ARLINGTON, VIRGINIA, US — Congestion and poor service on the nation’s railroads are symptoms of a network problem affecting entire regions, at times preventing feed deliveries to US livestock producers without backup suppliers.
That was the gist of a letter from the National Grain and Feed Association (NGFA) asking the Surface Transportation Board (STB) to address “significant rail service disruptions” that are among many factors severely straining US supply chains.
The March 24 letter, penned by Mike Seyfert, president and chief executive officer of the NGFA, specifies three US rail companies the association says are providing inadequate service: the Union Pacific (UP), Burlington Northern Santa Fe (BNSF) and Norfolk Southern (NS) railroads. He said the NGFA would prefer to see solutions reached independently between the railroads and their customers but suggested the STB could be instrumental in this case considering the scope and endurance of the rail issues.
Seyfert, in a letter addressed to Martin Oberman, chairman of the STB, outlined a few of the most troublesome situations:
- Grain buyers unable to make purchases while tracks are jammed at rail origins where loaded trains await locomotion by the railroad.
- Millers forced to shut down flour and feed mill operations and halt customer sales because they have run out of grain.
- Buyers and sellers unable to connect feed deliveries to livestock producers that may not have alternative feed sources.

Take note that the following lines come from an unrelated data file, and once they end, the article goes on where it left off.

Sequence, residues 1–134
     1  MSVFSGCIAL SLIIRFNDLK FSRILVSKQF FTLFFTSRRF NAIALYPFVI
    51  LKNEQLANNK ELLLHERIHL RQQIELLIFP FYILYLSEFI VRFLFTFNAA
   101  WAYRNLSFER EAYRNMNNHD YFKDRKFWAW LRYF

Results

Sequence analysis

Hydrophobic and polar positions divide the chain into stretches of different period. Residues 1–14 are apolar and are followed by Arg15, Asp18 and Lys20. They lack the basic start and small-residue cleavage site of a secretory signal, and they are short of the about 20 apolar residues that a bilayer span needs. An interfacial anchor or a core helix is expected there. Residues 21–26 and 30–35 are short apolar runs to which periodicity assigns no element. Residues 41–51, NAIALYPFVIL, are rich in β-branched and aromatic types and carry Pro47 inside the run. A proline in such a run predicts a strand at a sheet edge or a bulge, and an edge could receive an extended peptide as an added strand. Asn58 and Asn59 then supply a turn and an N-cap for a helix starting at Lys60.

“The ability to stretch resources is exhausted and growing more tenuous with each additional day of service delays,” Seyfert wrote.
The letter outlined some of the costs associated with the delayed rail service, noting one NGFA member forked out an additional $3 million to purchase rail equipment on the secondary freight market. That pattern only exacerbates the problem, as it reduces available freight to others and makes the secondary freight market even more expensive. A trader on March 24 said UP shuttles for nearby were bid $4,500 over tariff per car on offers of $8,000 over tariff per car “rates higher than we’ve ever seen,” he said.
Congestion at origins, too, was proving problematic, Seyfert wrote, pointing to an NGFA member forced to shut down feed sales while a loaded train blocked its tracks for seven days before a rail crew was made available. The letter acknowledged that these and other NGFA member complaints over service were borne of multiple factors and circumstances but pinpointed one aspect entirely in the railroads’ court.
“The impact is much more drastic and prolonged due to rail carrier decisions to overly adopt certain principles of precision scheduled railroading and due to significant reductions in crew numbers,” he said. “The ability to recover when normal rail operations are stressed has decreased significantly in the era of precision scheduled railroading and reduced crews, and rail customers and our nation’s supply chains are negatively impacted.
In closing, the letter asked the STB to request weekly rail service updates and plans from rail carriers to bring rail service “up to an acceptable level” and urged the STB to require that “rail carriers provide annual service assurance plans to help reduce the probability of future widespread rail service disruptions.”